The Django Sitemap Framework

In today’s event loop on {{ PLP }}, we’re about to discuss the importance of having a sitemap from our site that serves as one of the basic building blocks of a successful Search Engine Optimizations (SEO).

But, before anything else, let’s have a quick recap about our last discussions regarding the Django User Authentication System, in which, I’d lay out everything you need to know on how exactly it works and once you try it for your Django powered site, Nah, rest assured, you’ve got a peace of mind about the web security for your site.

What is a sitemap?

A sitemap is a list of pages or links that contained from a file called the sitemap.xml, the .xml file extension, means the Extensible Markup Language (XML) is the most preferred file format when you store all your internal links from your site. Which means, search engines like Google, Bing, Yahoo, etc. will crawl effectively your site’s internal links and possibly get indexed faster.

Who should use the sitemap?

Likewise, these are the most common and practical usage of sitemap based on my experience as well. I’m not an expert of the SEO industry, but, as a web developer, it’s one of the components and a responsibility to provide our clients or individual web projects we have to be known and searchable by the search engines out there.

Your site is too many dynamic pages: This means that, your site accepts publicly visible submitted posts either you or your user’s activity, or your site is a business directory, or classified ads site, or eCommerce sites, etc.

Your site is newly published: But wait, I recommend you to use the Google’s Search Console which is for the webmaster to manage your site’s SEO issues and you can submit a sitemap there as well so that Google can crawl it asap.

Your site is NOT a CMS type: CMS means (Content Management System), WordPress is one of the most popular CMS sites out there and my blog itself is a WordPress site I use, because, most of the SEO related things, which you can install the plugins like the Yoast SEO which takes care of your SEO including the auto-generated sitemaps. You can have a look at how the Yoast SEO generates the sitemap for my blog.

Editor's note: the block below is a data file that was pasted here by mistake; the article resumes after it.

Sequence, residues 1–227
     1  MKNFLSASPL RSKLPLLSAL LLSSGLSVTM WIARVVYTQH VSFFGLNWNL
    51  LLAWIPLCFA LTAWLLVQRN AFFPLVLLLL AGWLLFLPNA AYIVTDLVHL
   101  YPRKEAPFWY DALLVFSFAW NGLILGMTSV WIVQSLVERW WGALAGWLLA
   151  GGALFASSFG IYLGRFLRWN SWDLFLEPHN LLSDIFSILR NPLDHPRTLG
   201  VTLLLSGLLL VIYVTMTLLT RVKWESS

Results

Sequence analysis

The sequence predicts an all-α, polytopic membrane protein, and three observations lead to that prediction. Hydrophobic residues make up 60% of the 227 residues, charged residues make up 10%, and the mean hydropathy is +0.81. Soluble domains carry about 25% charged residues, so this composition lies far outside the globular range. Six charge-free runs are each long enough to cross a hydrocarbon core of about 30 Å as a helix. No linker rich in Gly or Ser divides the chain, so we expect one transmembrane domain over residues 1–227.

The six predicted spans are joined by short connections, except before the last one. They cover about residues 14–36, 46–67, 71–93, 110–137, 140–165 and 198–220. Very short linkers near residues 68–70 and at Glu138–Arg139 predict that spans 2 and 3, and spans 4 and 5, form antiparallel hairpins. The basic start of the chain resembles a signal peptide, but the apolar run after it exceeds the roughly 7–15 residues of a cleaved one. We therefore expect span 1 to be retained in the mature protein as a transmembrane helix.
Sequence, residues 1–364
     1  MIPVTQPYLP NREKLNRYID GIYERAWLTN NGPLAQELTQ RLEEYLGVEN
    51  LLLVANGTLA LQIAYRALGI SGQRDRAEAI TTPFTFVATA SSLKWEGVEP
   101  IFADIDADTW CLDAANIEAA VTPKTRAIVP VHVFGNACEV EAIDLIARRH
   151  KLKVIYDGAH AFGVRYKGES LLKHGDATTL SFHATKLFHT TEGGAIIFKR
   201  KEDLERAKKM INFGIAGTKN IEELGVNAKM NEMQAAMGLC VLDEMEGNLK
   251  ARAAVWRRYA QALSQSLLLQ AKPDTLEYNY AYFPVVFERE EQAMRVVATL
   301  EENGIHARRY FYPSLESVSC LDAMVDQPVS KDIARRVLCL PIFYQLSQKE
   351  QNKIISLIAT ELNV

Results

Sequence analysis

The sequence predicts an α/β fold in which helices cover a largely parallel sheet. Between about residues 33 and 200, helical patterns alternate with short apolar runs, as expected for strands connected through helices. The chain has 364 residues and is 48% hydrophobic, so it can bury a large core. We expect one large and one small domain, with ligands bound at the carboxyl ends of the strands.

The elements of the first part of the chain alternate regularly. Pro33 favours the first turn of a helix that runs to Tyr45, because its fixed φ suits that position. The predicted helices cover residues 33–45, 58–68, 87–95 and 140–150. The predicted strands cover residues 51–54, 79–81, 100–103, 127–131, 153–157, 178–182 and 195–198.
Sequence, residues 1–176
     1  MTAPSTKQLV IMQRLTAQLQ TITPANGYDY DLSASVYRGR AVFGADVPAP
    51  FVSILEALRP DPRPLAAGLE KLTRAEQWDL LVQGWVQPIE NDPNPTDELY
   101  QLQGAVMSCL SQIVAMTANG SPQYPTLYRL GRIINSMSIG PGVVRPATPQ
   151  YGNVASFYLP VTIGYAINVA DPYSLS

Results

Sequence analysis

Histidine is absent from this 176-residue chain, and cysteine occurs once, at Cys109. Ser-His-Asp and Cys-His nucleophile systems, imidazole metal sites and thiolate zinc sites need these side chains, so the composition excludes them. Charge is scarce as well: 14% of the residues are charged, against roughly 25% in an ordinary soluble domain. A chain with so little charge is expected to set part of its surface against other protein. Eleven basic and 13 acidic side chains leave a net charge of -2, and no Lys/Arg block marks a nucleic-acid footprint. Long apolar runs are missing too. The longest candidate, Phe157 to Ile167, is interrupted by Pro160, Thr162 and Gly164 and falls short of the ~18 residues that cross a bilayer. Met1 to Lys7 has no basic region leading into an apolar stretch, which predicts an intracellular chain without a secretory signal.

Introduction

In the same way, Django provided the high level SiteMap Framework which will auto-generate a sitemap XML file easy for all the Django powered sites out there, as a Django developer, we are grateful that the Django core developers provide us with this framework to ease out common tasks among us.

Today, I will guide you on how we can implement this Django SiteMap Framework for your Django powered site project, and give you some good techniques that I applied personally for all of my Django projects.

So, prepare your self once again and stay focus because this would be exciting and fun learning with {{ PLP }}.

Getting Started

First of all, we need to include the Django SiteMap Framework from the INSTALLED_APPS for us to use this framework. Now, open up your dev/dev/settings.py and insert the sitemap library.

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# Application definition
INSTALLED_APPS = [
     ...
     'django.contrib.sitemaps',
     ...
]

Another key point, you need to ensure that you need to enable the Django Site Framework as mentioned in our previous discussions about the Django User Authentication System with reCAPTCHA v3, JQuery and AJAX Method on Step 3.

Step 1: Create the sitemap.py

Moreover, we need to create a new Python file, name it as sitemap.py and save it under the dev/myroot/views/ directory. Then, COPY exactly the code snippets below.

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from django.conf import settings
from django.contrib import sitemaps
from django.urls import reverse
from django.utils.text import slugify